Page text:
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Local blacks, Jews seek to rebuild old bond

The history of connection and understanding between Jewish people and the black community is deep and rich, according to local founders of the Worcester Black-Jewish Alliance, a recently formed group devoted to using their shared experience as a way to resist the current political climate.

That relationship, they said, goes back to the founding of the NAACP, when Jewish supporters helped create the civil rights organization, and heightened during the freedom-fighting era of the 1960s as Jews flocked to the South to help facilitate voter registration for black people in poor and underfunded communities.

The Worcester Black-Jewish Alliance seeks to celebrate that longstanding relationship and shore up those connections for the future so that both communities can make a statement about oppression, survival and perseverance.

“This alliance is a way to acknowledge that both cultures, though they have been oppressed throughout history, are stronger because we stand together,” said Worcester NAACP chapter President Patricia Yancey.

The seed was planted when Rabbi Michael Swarttz reached out to Ms. Yancey and her husband, George, to begin a dialogue about how the two groups could come together in Worcester in a meaningful way. That conversation led to meetings that included people from the NAACP, the Jewish Federation, and the Rev. Esau Vance, pastor of Mount Olive Pentecostal Church.

Rev. Vance notes that the objective of the new initiative is “to restore the relationships between the Jewish community and the black community that we had in the 1960s.”

Rabbi Swarttz, who hails from Beth Tikvah Synagogue in Westboro and also serves on the Jewish Federation of Central Massachusetts, said this relationship is long overdue and also much needed in the current political climate.

“Right now we are looking to make ourselves known and start to get the word out that we are here,” he said, adding that the alliance will sponsor its first event, Songs of Hope, at 4 p.m. Sept. 10. The event will be a cultural feast for the body and soul as performers of all kinds take the stage to share songs of triumph, endurance and hope, followed by a potluck meal consisting of foods from both cultures.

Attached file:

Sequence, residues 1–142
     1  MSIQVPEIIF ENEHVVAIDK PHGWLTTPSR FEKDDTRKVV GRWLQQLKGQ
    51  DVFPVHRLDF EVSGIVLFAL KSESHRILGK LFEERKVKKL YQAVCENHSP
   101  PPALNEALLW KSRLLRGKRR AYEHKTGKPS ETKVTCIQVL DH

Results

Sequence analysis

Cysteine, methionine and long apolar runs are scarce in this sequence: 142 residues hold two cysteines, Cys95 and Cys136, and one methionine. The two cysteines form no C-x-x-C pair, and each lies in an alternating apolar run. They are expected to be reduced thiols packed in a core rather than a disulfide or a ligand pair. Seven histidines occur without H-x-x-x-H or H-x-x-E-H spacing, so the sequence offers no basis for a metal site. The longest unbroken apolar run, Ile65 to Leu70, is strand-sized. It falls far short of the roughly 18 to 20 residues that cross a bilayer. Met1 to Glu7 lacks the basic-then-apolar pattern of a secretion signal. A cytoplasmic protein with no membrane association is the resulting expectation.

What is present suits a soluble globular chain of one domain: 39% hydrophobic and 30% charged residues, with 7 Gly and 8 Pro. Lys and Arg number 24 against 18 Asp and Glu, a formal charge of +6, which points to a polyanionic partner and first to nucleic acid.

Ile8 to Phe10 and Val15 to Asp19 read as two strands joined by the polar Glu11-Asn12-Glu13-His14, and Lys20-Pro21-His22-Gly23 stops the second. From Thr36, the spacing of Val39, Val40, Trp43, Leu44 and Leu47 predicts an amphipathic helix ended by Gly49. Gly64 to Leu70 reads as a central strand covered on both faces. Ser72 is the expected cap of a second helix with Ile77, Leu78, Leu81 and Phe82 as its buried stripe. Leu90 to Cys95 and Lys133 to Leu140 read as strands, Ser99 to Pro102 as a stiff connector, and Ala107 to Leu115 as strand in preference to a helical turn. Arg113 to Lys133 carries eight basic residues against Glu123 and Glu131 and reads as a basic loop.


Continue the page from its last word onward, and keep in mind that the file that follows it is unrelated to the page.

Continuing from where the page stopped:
While the event is a statement to the community and to leaders everywhere that the black and Jewish people are standing, once again, side by side, said Ms. Yancey, it is also a kick-off to what they hope will be a series of events throughout the coming years that will encourage understanding and friendship between the two groups.

In coming years, added Rabbi Swarttz, the alliance hopes to sponsor lectures, educational events, movie screenings and panel discussions about relevant topics, political and personal.

The group also intends to have a continued dialogue within its membership about what, according to Ms. Yancey, “evolves as something that needs understanding or attention.”

“Our voices are rising up right now as we stand together, once again, in solidarity and protection,” she said. “This is a form of resistance and it’s a very powerful statement that we are making.”

For more information on the Worcester Black-Jewish Alliance, follow them on Facebook or stop by their event Sunday at the Belmont A.M.E. Zion Church at 55 Illinois St. in Worcester, or contact the Jewish Federation of Central Mass at (508) 756-1543 Ext. 201 or the Worcester NAACP at (774) 314-7515.



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